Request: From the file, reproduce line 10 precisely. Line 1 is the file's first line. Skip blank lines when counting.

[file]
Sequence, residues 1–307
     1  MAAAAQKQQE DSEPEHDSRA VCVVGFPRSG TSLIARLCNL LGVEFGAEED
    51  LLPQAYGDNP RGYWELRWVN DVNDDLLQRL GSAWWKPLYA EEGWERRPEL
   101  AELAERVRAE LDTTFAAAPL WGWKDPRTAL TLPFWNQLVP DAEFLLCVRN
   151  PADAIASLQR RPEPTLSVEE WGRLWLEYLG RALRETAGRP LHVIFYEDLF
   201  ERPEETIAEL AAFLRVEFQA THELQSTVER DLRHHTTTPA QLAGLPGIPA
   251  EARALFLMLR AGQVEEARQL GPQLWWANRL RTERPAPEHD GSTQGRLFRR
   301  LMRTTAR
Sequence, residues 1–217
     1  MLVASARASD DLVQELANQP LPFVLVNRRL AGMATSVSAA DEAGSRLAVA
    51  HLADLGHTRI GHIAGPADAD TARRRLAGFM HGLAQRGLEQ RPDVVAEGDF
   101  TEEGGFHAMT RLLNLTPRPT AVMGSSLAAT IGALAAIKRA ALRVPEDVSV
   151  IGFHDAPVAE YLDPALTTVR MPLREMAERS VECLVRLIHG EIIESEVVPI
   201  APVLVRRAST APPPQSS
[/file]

     1  MLVASARASD DLVQELANQP LPFVLVNRRL AGMATSVSAA DEAGSRLAVA